by Alex Fitzsimmons
Compared with white students, African American and Hispanic students are far more likely to be held back a grade and less likely to have access to challenging courses to prepare them for postsecondary education, according to new data released from the Department of Education (DOE) on March 6. (Enter your school or district under Detailed Tables to view data.)
An especially wide achievement gap exists for black students. Almost half of the students suspended more than once during the 2009-10 school year were black, even though they accounted for less than one-fifth of all K-12 students. Also, less than a third of high schools with large minority populations offered calculus, compared with 55 percent of schools with the lowest minority enrollments.
The disparities continue: Black and Hispanic students are more likely to be disciplined and less likely to attend classes taught by experienced teachers. More than 70 percent of students arrested or referred to law enforcement were black or Hispanic. And schools with the most minority students were twice as likely to have teachers with fewer than two years of experience.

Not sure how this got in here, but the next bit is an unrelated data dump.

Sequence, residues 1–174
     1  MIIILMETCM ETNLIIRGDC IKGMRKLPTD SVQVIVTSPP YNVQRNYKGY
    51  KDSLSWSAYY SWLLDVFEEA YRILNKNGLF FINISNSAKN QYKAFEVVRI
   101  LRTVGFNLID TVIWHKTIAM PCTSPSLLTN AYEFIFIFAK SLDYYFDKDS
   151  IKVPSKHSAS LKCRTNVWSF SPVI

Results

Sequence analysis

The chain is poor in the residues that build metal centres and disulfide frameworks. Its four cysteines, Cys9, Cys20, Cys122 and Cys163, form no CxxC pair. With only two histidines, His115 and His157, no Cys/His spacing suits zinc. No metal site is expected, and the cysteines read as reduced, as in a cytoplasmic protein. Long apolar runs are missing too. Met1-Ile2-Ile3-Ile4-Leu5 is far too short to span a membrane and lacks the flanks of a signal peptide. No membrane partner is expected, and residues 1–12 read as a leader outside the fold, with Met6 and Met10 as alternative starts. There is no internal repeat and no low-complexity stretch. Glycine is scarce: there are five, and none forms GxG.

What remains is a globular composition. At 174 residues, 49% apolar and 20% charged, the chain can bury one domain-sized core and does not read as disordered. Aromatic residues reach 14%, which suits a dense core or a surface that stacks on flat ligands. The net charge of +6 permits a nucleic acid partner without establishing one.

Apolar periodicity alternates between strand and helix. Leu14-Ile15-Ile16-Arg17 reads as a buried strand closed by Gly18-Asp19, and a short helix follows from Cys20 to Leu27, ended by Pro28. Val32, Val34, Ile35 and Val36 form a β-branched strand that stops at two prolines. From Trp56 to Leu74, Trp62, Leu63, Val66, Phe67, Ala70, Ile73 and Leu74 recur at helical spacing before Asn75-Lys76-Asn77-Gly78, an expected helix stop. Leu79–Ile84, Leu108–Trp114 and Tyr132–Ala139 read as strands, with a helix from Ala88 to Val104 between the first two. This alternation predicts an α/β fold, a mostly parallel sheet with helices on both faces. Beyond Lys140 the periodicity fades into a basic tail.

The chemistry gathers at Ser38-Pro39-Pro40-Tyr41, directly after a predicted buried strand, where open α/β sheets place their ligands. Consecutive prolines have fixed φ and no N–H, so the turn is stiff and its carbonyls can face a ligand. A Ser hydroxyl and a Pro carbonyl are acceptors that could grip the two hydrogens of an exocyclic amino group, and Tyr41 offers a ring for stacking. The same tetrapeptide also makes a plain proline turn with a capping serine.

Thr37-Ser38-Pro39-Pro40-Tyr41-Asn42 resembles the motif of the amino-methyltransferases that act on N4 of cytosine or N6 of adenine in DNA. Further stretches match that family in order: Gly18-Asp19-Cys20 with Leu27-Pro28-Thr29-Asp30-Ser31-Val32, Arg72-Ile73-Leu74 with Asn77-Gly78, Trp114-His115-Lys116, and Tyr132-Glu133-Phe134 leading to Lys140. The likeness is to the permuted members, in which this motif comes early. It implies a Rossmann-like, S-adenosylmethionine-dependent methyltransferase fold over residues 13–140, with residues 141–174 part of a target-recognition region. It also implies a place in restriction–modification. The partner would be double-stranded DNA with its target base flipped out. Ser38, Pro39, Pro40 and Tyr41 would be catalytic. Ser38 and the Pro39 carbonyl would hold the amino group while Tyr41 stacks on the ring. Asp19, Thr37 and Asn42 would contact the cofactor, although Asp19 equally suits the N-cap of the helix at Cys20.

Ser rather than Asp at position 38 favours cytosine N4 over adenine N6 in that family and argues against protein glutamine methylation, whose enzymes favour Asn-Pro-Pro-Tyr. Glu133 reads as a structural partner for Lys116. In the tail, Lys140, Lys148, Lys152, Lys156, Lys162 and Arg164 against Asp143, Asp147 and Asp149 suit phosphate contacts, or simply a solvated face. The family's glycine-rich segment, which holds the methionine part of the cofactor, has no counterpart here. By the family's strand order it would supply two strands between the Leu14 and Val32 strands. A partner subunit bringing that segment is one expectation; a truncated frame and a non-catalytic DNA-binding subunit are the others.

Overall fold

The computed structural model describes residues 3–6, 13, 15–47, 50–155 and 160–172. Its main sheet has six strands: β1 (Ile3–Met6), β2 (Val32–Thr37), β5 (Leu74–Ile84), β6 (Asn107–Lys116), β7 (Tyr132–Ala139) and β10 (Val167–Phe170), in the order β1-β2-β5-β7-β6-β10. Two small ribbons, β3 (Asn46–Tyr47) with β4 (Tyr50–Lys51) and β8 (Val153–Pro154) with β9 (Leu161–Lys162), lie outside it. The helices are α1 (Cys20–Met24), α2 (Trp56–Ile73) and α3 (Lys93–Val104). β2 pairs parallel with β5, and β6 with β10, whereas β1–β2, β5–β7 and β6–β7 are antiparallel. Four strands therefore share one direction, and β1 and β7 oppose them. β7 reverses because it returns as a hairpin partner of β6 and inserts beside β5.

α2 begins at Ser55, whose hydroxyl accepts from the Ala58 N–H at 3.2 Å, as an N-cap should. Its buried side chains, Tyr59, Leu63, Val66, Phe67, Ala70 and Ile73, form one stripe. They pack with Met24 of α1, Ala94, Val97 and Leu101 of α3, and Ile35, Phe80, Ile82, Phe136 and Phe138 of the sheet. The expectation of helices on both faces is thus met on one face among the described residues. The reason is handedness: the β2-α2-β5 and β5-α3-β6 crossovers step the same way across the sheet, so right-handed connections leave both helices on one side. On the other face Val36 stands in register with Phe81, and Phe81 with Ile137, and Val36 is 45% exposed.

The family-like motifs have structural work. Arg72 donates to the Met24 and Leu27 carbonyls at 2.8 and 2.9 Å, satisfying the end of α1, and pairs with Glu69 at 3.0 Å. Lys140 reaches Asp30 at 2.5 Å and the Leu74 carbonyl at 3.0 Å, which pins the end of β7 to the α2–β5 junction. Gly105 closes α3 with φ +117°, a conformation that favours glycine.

To make these findings possible, the Department of Education collected data from more than 72,000 schools across the country. The new numbers, which represent about 85 percent of the nation's students, are the second part of the 09-10 Civil Rights Data Collection (CRDC). The government released part 1 in June 2011.
The agency's interactive website allows users to pull up information on individual schools and create custom charts and tables. The latest survey is the first to include detailed discipline data, including student suspensions and school-related arrests. Although the agency's Office for Civil Rights has gathered educational data from schools since 1968, this latest round contains some of the most comprehensive analysis available.
As state legislators and staff are well aware, K-12 education is predominately a state and local responsibility. Therefore, NCSL strives to provide state lawmakers with the research and resources to find innovative solutions, including this information to help tackle educational inequity.
Policymakers may also want to refer to other NCSL resources that look at various state policies to ensure success for all students:
- A January 2011 report by NCSL's Task Force on Dropout Prevention, "A Path to Graduation for Every Child: State Legislative Roles and Responsibilities"—a series of recommendations designed to improve national dropout rates.
- Research on school choice, including charter schools, private-school vouchers, and tuition tax credits.